- The Washington Times - Tuesday, September 10, 2019

Norm Macdonald offered career advice Monday to other comedians finding fault with fellow comic Dave Chappelle’s controversial new stand-up special: find a new profession.

Mr. Macdonald, a “Saturday Night Live” alumnus, touted the special on Twitter amid Mr. Chappelle facing scrutiny following its release last month over jokes panned by critics as offensive and insensitive.

“If any of you wish to be a comedian, study ‘Sticks and Stones’, a comedy special from The Peerless One. If you don’t consider Chappelle funny, you are wrong. If you are a comedian who does not see that he is the best we have, quit,” Mr. Macdonald tweeted.

Released by Netflix on Aug. 26, “Sticks and Stones” has caused a considerable amount of blowback in the weeks since for Mr. Chappelle, 46, who has come under fire from critics for telling jokes in the special mocking transgender people, Asians and sexual assault victims, among others. A review published in Vice said the comedian’s “misogyny and transphobia” made the special worth skipping, while another in Vanity Fair called it “stale work.”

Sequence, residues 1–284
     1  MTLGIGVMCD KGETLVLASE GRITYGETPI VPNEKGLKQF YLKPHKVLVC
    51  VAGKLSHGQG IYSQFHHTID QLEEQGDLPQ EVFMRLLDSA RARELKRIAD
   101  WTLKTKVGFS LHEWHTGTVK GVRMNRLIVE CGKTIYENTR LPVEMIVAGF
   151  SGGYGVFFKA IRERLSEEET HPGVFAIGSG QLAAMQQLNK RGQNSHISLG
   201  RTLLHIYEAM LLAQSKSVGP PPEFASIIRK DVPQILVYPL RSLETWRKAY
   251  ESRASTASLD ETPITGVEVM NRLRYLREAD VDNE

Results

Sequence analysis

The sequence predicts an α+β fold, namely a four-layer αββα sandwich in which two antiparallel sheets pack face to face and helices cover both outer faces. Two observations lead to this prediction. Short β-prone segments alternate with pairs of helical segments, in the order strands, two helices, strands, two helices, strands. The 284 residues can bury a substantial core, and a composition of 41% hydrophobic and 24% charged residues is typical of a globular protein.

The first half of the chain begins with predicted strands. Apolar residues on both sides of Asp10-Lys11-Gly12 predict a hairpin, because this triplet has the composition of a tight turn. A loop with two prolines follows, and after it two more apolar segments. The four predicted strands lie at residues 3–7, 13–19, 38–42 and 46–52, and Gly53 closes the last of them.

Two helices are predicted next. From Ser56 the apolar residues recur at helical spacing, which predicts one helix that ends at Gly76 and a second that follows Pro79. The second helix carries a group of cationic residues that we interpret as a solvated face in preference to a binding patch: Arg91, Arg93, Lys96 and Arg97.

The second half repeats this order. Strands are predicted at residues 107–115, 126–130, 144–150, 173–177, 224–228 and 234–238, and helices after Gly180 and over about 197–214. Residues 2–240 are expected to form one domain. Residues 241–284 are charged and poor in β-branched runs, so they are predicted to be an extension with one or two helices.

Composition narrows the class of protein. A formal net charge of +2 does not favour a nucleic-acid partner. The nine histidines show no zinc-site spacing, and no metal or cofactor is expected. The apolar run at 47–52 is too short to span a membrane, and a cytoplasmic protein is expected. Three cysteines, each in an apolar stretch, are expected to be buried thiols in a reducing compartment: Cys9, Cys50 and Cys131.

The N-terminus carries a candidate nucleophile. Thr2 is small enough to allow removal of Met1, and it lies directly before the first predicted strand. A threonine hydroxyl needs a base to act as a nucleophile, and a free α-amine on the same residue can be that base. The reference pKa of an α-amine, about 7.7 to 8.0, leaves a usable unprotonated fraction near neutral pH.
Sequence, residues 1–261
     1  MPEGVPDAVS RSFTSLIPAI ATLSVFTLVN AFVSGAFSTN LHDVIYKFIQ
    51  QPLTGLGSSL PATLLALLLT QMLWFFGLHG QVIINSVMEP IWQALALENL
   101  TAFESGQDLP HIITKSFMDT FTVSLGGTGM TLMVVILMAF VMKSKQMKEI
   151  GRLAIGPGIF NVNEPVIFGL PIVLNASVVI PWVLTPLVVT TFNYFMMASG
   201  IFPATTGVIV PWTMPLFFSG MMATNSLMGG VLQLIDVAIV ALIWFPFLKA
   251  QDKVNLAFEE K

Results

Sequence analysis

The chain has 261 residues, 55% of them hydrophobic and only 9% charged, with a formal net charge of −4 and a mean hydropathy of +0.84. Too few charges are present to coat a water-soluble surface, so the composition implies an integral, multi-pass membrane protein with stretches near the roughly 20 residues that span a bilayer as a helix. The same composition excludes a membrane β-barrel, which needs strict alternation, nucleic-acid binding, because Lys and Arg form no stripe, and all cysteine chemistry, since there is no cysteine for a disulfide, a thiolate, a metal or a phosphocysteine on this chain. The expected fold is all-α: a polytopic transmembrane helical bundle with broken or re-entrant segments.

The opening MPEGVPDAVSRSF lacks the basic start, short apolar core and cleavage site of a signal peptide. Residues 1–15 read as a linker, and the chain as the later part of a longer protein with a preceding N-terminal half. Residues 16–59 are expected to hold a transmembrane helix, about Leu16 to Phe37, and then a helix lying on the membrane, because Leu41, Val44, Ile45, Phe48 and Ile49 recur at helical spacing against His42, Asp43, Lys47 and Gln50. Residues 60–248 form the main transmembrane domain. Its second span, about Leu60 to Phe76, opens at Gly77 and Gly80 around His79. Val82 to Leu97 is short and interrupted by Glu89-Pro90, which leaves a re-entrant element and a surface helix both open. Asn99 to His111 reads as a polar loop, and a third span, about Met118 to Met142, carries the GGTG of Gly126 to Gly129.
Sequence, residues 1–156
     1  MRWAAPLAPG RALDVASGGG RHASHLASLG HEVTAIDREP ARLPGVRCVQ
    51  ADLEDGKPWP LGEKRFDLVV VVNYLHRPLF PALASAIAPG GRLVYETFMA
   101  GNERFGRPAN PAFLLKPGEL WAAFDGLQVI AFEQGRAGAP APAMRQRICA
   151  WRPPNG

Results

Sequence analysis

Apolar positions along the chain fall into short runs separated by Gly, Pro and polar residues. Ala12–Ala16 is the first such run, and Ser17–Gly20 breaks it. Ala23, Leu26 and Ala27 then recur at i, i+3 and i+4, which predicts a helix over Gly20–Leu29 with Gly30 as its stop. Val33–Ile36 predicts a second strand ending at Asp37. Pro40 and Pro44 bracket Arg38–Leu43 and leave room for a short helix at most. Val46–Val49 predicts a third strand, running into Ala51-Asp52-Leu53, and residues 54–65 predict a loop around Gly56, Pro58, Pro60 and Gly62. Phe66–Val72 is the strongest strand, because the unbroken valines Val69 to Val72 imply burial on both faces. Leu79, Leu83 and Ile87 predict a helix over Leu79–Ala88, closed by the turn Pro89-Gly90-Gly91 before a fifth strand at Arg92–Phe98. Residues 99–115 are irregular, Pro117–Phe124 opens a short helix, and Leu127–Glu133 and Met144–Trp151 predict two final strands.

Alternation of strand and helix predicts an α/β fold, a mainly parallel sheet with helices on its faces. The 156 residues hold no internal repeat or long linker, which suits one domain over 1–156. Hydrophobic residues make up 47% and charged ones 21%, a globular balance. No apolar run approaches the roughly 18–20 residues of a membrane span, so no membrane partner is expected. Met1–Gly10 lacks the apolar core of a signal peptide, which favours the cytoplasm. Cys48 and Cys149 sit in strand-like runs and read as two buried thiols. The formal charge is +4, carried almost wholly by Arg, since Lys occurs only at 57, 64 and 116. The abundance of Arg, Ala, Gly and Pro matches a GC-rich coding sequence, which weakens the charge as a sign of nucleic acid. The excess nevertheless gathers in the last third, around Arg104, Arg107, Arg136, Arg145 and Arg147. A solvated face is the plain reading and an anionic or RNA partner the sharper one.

“Ultimately I just think it’s someone who has been rich for a long time now and no longer has that many interesting things to say, because they’re not really living in the same world you or I are living in, at this point,” comedian Joel Kim Booster told WNYC’s “All of It” program last week.

“I think Chappelle used to have really interesting and prescient things to say about power structures and things like that, and I just don’t think he’s interested in dismantling that anymore. At least not from an interesting place, or at least not from beyond his own point of view — which is his right as a comic, I guess, but it felt a little bit, I don’t know, old, when I watched it,” said Mr. Booster.

Mr. Chappelle signed a deal with Netflix in 2016 to film a series of special for the streaming-service, with multiple outlets previously reporting that he would be paid $60 million for three exclusives. The first two were released in March 2017.

Mr. Macdonald, 59, worked for five seasons on “SNL,” including three spent anchoring the program’s Weekend Update segment, prior to being fired in 1998. He co-starred in a movie with Mr. Chappelle, “Screwed,” released in 2000.

His tweet supportive of Mr. Chappelle was retweeted more than 7,000 times within 20 hours of being posted.

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